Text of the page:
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The tables are turning on the National Highway Traffic Safety Administration. Congress is calling on the watchdog agency, charged with holding automakers to high standards of protecting motorists, to police its own performance.

It’s about time. NHTSA is a mess.

A government audit found the agency is so plagued with internal competency issues that it cannot effectively fulfill its mission of protecting the public.

The report concludes that breakdowns in the process for assessing safety complaints have resulted in regulators overlooking early warning signs of potentially dangerous defects, including the General Motors Corp. ignition switch issues that led to a massive recall in 2014.

Among the shortcomings cited are such basic functions such as alerting consumers on how to file a safety complaint, reading through the complaints when they are filed and providing adequate training to agency staff.

The response from NHTSA administrator Mark Rosekind was so typical of the federal bureaucracy when its failures are exposed — give us more staff and money and we’ll fix the problem.

Congress, to its credit, isn’t buying. At a Senate committee hearing this week, NHTSA faced bipartisan pushback on its funding request. Senators, including Michigan’s Gary Peters, a Democrat, insisted the agency must first prove it can use its existing resources well.

The audit was prompted by the GM recall of ignition switches linked to 117 deaths. It raised serious questions about whether NHTSA could have intervened a decade earlier, when evidence first surfaced that the defect disabled air bags in some cases.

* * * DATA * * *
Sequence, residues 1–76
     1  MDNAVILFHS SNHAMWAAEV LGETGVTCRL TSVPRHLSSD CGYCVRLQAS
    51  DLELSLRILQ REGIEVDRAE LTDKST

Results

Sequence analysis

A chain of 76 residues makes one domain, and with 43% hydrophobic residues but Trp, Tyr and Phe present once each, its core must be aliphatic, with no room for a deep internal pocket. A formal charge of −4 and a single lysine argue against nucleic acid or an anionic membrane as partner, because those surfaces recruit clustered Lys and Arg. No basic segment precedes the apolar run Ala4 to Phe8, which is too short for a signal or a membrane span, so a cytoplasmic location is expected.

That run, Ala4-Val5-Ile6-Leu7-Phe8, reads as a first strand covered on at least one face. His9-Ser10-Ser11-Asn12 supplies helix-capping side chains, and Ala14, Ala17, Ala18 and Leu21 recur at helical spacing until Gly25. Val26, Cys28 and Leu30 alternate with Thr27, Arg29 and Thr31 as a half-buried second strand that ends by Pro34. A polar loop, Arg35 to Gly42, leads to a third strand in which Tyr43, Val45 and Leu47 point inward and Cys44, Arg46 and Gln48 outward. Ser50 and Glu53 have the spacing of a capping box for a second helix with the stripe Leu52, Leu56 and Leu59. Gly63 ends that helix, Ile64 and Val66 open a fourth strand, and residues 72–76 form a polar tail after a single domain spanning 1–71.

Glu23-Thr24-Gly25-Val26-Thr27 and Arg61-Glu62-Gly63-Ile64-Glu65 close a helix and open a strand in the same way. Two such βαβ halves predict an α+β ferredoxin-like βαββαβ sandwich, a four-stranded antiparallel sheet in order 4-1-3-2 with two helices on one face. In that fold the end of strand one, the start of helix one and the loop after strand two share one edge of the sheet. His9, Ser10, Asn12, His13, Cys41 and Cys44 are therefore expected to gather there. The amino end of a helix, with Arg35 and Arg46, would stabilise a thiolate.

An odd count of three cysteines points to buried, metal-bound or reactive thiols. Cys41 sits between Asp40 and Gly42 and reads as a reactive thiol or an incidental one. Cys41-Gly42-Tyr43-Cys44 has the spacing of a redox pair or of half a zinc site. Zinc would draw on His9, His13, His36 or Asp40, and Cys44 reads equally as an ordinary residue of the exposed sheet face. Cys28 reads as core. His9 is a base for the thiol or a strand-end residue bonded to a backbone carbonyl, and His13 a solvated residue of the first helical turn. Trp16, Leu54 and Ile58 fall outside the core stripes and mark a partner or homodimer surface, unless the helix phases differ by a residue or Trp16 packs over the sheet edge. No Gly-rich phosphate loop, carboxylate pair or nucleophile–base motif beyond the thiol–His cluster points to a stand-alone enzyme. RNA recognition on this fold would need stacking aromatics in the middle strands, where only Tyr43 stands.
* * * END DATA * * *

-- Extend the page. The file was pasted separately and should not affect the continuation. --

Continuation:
The report noted NHTSA sets aside about 90 percent of the 330 complaints it gets daily without thoroughly screening them. Agency employees complain that they are not properly trained in the areas they’re assigned to investigate.

Rosekind promised the senators that he is responding to the audit’s findings, and has a plan to eliminate the agency’s defects.

This is essential. NHTSA’s role is not just to play “gotcha” with the automakers in finding areas where their products are deficient.

It ideally is a full partner with the industry in tracking consumer complaints to determine a pattern that could be an early indicator of serious problems.

Rosekind is asking Congress for the ability to impose larger fines on the automakers, proposing to raise the current $35 million cap to $350 million. It also wants imminent hazard authority to remove dangerous vehicles from the roadways.

But before it gets any additional powers to punish automakers, it should make sure it is meeting its obligation to help the industry identify and address defects.

And certainly private industry should not be subject to penalties issued by an agency that can’t verify the accuracy or completeness of its data, as the audit found is the case with NHTSA.

This is a vital agency for protecting the public and for helping the industry put on the road the safest vehicles possible. NHTSA must fix itself, and quickly.

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